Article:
Like most of the truths in running (and life) I hold most dear, I used to believe the antithesis. Runners naturally adopt their most efficient form, I thought, and one shouldnt tinker with individual style. I was wrong.
No two people run alike, and to claim that someone has perfect form is merely opinion. There really is a lot going on when we put one foot in front of the other. While some of the basics cant be changed, there are plenty of things with regard to form that we all can do better.
The first thing we need is objectivity, be it from a friend or a plate-glass window. Tucson, Ariz.-based running coach Randy Accetta evaluates his charges with the benefit of a slow-motion video camera, which may sound extreme if youre not at his camp. But the next time youre at some nephews birthday party, ask the host for 10 seconds worth of film time while you air it out in the back yard.
Most runners cant believe what they see, Accetta says. In their minds eye, they think they look like Carl Lewis. The reality is more like Jerry Lewis.
Accetta stresses the importance of maintaining forward momentum.
You dont want to waste effort moving side to side, he says. Arms, legs and torso should all be moving forward. This sounds obvious, but too many runners amble almost crab-like in their locomotion. Thats just wasted energy.
Much of proper form stems from a proper mindset.
Youve got to consciously think about your form, particularly when youre tired and good form comes less naturally, Accetta says. Think quick turnover, quick legs and quick hands.
Authors Scott Douglas and Pete Pfitzinger take a close look at running form in their book, Advanced Marathoning. They isolate common form problems and explain how to correct them, using relaxation, drills and visualization techniques.
Upper-body tightness, they say, is the most common technique problem among runners constricted shoulders, neck and back. Learn to relax consciously rather than waste energy keeping those muscles flexed.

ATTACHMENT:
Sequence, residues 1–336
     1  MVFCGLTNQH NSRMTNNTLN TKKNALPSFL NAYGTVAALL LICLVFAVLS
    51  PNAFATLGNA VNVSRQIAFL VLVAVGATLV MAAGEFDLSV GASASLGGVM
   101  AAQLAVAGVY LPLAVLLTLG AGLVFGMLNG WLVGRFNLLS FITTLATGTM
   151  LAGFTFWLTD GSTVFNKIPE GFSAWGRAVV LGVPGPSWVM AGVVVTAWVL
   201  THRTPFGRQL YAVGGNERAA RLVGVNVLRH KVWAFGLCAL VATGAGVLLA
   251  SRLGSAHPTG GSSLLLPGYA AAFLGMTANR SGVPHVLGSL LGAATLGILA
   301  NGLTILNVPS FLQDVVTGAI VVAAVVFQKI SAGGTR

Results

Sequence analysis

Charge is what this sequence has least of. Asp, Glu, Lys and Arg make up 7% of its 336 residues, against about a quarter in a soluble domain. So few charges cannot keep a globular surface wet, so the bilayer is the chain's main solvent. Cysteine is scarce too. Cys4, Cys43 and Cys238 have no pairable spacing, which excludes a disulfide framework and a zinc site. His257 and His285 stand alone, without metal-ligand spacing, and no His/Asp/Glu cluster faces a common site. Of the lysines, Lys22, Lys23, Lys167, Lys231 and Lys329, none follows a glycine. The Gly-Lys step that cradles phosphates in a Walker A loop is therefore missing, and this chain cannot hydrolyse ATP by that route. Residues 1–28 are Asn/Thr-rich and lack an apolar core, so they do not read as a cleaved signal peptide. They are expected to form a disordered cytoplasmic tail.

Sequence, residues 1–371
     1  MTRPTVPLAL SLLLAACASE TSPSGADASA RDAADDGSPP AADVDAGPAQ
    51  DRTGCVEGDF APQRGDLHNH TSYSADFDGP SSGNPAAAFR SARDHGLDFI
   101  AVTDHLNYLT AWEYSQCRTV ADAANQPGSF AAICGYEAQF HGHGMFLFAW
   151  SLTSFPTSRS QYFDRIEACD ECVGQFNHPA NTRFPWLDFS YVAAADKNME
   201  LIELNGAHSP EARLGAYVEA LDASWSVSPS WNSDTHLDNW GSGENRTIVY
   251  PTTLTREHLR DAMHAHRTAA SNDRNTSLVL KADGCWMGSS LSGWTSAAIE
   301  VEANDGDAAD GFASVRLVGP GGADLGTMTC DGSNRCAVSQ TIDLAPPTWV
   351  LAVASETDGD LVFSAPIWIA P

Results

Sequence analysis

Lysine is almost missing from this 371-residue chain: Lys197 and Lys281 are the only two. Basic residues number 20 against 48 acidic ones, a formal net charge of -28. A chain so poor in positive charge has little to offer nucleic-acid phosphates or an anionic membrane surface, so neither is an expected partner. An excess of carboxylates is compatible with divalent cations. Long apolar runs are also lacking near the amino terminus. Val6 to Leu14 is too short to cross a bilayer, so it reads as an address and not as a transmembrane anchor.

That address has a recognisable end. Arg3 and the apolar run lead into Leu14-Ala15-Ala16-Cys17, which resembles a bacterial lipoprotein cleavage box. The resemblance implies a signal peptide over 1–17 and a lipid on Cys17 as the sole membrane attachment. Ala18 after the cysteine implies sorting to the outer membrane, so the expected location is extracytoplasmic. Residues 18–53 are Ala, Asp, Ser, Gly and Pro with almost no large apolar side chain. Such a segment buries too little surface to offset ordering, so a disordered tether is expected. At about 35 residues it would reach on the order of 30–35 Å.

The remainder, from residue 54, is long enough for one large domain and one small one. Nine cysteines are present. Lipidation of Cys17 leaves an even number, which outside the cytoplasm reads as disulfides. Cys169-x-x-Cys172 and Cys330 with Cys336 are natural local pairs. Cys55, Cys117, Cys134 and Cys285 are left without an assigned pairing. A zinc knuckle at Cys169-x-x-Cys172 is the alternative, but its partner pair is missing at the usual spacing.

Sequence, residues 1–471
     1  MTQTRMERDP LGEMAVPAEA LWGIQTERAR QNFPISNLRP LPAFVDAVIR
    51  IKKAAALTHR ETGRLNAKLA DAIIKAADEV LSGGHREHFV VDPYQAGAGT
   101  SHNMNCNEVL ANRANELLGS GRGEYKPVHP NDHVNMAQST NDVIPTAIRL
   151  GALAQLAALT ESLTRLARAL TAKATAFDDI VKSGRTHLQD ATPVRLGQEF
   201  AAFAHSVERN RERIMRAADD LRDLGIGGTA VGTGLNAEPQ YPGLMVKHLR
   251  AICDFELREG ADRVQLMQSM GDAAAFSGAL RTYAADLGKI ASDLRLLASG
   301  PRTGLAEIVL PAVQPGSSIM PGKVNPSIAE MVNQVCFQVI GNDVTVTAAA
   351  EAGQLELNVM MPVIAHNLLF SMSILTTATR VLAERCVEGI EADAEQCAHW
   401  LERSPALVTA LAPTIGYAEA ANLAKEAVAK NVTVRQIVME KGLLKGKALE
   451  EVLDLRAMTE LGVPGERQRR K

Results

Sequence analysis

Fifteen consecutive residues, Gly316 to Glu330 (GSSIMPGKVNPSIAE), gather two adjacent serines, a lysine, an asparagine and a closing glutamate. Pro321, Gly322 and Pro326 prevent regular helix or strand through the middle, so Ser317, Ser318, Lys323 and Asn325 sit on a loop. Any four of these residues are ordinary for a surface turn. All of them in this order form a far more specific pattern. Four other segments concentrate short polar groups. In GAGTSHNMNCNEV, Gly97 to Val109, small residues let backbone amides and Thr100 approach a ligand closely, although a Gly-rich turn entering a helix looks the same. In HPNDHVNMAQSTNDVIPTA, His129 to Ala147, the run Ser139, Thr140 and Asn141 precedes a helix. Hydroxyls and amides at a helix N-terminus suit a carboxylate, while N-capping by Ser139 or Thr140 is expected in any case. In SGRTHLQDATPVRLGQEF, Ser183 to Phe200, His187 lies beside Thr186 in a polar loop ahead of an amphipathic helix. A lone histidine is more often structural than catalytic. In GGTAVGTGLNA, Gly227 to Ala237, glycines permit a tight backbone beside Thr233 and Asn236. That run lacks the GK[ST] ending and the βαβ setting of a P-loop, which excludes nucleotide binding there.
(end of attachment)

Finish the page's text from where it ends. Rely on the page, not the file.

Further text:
Likewise, tight arms or maintaining a fist wastes energy and inhibits a natural and more efficient running motion. Again, conscious relaxation is key until a more flowing upper-body carriage becomes natural.
Leaning forward from the waist or projecting ones head forward as if lunging at the finish line are two other common form problems. Strengthening abdominal and gluteal muscles can improve running posture. Regular stretching before and after running even shaking ones arms and torso during a run can also improve flexibility.
More difficult to correct, but also more rare, is an excess of vertical movement while striding. Some airborne time in any stride is essential, but too much verticality means the runner is fighting gravity and wasting energy.
Overstriding and understriding are relatively uncommon maladies and often the result of a runners earlier tinkering. So if thats your problem, runner, heal thyself.
Finally, a caveat to the discussion: Consider Michael Johnson, world champion sprinter famous for his upright, i.e., poor, form. With a drawer full of Olympic medals, Johnson can be forgiven for his unorthodox style.
In the end, all runners must find their own style, make a conscious effort to refine it, and then let it take them as far as they care to go.
Jim Hage has been running and racing for 25 years. Reach Jim at firstname.lastname@example.org.
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